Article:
A formidable Republic
"We owe a lot to the Indians who taught us to count without which no worthwhile scientific discovery could be made" said the man with the mightiest mind on this globe — Albert Einstein.
India is applauded by the legends for its distinctive authenticity. India remains one of the most ethnically diverse countries in the world. Apart from its many religions and sects, India is home to innumerable castes and tribes, as well as to more than a dozen major and hundreds of minor linguistic groups from several language families unrelated to one another.
On January 26, 2021, India will celebrate its 72nd Republic Day. In Delhi, magnificent parades are organised by regiments of the Indian Army, Navy, Air Force, police and paramilitary forces at Rajpath. All states showcase their culture, uniqueness by building beautiful tableaus during the parade. There are air shows by the Air Force and much more to commemorate this day.
Republic Day has been celebrated every year in India since January 26, 1950, to honour the date on which the Constitution of India came into effect. India was a colony of the British for over 200 years and became independent from the rule of the British Raj following the Indian independence movement. While India became independent on August 14, 1947, it still didn't have a permanent constitution, and Indian laws were based on a modified version of the British established, Government of India Act, 1935.
The draft of the constitution was submitted to the Indian Constituent Assembly on November 4, 1947. Over the course of 166 days, that were spread over two years, the 308 members of the Assembly met in sessions that were open to the public and made some modifications. Finally, on January 24, 1950, the Assembly members signed two handwritten copies of the Constitution, one in English and one in Hindi. And two days later history was made. On that day began Dr Rajendra Prasad's first term of office as the President of the Indian Union. The Constituent Assembly became the Parliament of India under the transitional provisions of the new Constitution. This is the reason every year Republic Day holds a soft corner in every true Indian's heart.
The history of the nation gives a glimpse into the magnanimity of its evolution - from a country reeling under colonialism, to one of the leading economies in the global scenario within a span of 50 years. More than anything, the nationalistic fervour of the people is the contributing force behind the culmination of such a development. This transformation of the nation instills a sense of national pride in the heart of every Indian within the country and abroad, and this section is a modest attempt at keeping its flame alive. Indeed, India is a formidable country.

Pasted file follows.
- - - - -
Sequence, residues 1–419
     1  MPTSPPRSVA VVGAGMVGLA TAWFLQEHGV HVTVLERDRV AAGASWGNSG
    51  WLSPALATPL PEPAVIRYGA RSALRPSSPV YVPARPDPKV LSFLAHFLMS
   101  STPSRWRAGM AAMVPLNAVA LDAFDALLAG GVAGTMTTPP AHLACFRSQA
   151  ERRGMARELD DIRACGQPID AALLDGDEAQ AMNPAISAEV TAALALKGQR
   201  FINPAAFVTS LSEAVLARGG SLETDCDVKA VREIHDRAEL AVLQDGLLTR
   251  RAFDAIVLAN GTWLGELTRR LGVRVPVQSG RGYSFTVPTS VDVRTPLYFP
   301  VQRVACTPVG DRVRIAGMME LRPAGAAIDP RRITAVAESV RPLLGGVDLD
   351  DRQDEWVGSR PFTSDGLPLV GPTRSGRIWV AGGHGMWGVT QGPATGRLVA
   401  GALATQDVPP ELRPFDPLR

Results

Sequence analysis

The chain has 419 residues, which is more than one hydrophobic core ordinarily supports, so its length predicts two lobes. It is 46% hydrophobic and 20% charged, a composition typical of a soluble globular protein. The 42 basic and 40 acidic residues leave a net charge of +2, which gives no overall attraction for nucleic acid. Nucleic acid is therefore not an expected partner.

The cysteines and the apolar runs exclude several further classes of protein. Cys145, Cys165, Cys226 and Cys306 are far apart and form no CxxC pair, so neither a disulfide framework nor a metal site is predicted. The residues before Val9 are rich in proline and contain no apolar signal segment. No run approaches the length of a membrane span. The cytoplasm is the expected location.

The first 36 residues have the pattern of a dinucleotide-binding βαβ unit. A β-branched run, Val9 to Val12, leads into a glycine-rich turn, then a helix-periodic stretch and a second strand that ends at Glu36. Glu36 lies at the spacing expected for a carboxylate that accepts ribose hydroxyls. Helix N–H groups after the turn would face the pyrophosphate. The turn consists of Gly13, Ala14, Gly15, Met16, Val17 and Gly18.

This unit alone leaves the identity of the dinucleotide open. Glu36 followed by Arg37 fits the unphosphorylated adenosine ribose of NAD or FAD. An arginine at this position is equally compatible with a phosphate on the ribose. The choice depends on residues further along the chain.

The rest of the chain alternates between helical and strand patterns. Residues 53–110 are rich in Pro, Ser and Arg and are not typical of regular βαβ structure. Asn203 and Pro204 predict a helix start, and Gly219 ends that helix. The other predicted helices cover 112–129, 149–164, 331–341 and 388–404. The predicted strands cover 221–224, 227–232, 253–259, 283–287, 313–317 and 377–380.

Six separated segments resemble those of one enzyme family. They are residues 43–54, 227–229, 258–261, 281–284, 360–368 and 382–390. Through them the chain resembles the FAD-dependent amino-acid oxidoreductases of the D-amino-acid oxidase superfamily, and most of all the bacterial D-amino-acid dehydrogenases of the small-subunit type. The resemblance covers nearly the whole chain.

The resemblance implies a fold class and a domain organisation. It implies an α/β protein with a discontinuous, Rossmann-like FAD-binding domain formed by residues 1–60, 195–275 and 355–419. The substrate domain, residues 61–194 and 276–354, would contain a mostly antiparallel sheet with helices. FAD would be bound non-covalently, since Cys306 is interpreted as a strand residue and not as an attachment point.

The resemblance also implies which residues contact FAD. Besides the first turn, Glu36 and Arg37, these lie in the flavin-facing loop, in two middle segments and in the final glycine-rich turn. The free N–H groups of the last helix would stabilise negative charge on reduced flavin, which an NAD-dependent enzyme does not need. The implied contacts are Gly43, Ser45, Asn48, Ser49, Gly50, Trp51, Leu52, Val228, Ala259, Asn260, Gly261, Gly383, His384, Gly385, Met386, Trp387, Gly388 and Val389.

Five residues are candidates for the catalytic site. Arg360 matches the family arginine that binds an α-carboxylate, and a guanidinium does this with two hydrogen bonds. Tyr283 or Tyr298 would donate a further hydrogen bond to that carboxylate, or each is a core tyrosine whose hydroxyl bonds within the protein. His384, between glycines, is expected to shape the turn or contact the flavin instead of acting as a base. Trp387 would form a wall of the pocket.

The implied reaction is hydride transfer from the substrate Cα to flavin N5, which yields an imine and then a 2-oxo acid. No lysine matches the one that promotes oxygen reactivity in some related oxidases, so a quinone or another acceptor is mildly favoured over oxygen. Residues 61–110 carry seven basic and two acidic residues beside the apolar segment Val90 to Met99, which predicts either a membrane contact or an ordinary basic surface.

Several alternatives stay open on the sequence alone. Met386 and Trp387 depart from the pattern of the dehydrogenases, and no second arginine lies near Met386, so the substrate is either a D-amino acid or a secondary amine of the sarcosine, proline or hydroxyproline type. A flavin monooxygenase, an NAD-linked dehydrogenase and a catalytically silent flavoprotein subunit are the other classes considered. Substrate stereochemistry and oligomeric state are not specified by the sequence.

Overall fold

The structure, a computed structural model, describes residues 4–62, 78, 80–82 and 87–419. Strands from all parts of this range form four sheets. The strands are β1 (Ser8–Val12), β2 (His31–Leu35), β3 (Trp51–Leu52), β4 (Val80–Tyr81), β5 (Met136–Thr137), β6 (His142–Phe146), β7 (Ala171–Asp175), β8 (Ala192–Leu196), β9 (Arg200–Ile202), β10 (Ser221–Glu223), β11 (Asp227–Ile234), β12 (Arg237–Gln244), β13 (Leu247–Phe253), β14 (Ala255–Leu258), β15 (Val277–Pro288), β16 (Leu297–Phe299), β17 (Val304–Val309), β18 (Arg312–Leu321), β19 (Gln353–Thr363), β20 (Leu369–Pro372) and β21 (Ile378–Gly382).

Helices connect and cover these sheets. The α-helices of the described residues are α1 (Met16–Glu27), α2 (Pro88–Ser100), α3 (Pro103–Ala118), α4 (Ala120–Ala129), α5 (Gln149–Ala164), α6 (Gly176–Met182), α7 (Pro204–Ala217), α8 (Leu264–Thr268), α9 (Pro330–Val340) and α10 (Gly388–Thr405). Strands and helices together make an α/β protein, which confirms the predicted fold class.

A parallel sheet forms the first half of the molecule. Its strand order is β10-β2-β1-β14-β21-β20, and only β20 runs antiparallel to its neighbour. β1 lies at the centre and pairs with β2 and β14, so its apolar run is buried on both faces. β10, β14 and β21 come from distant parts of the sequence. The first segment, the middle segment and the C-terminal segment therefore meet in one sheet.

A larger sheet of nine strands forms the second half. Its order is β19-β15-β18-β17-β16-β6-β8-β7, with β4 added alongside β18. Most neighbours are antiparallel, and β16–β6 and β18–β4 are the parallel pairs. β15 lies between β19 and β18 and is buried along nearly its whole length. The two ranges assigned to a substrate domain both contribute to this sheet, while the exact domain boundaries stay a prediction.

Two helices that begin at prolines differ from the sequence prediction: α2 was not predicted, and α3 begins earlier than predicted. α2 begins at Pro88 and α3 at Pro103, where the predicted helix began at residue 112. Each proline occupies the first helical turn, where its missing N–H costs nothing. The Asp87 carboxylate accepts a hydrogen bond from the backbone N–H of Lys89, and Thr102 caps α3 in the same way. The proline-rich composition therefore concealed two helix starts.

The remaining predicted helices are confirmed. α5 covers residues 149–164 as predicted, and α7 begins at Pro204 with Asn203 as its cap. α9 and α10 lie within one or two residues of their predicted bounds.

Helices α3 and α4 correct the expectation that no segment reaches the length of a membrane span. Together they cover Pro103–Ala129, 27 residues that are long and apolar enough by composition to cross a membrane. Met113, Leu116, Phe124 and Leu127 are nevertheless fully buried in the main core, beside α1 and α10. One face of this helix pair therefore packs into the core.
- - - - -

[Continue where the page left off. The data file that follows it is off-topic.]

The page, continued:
Shivali Sethi, Class IX, Ashiana Public School, Chandigarh
It’s a new beginning
The world is full of different people and different people means different thinking and different perspective. But what if we don't have this freedom to think or the right to speech? It is the constitution of a country that grants this liberty.
The Constitution of India came into effect on January 26, 1950, and every year this day is celebrated as Republic Day with zeal.
Parades are carried out by the armed forces at Rajpath, New Delhi, before the President and the civilians are honoured with awards. It is a national holiday all over the country. In my opinion, Republic Day is not just a national holiday but a day to show gratitude to our Constitution and its makers. Today, whatever rights we have, are all because of it. No one can take away our rights and if someone does so, we have the freedom to approach the judiciary. The Constitution safeguards our rights. Yet, somewhere I feel we are not contributing our part. We talk about our rights but what about our duties? Probably, because the Constitution is not a human, it can't cheat or can't turn its back upon us.
On Republic Day, it is our duty to not just watch the parade or salute the National Flag for the sake of doing it but also abide by the Constitution to make India republic in a true sense. We must be alert about our rights and duties and be respectful to others just the way we are before the Tricolour. We are fortunate enough to be born and brought up in a republic country as a republic citizen. Alas! I feel that India is not republic in a true sense. Republic Day was indeed a new beginning for India from subjects to citizens, from slaves to becoming independent and then finally republic. Why not celebrate this new beginning in a new and innovative way?
Let's celebrate it like a New Year! Take a resolution to at least follow one fundamental duty and safeguard one right of others from being violating.
Riddhi Sharda, Class IX, Ashiana Public School, Chandigarh
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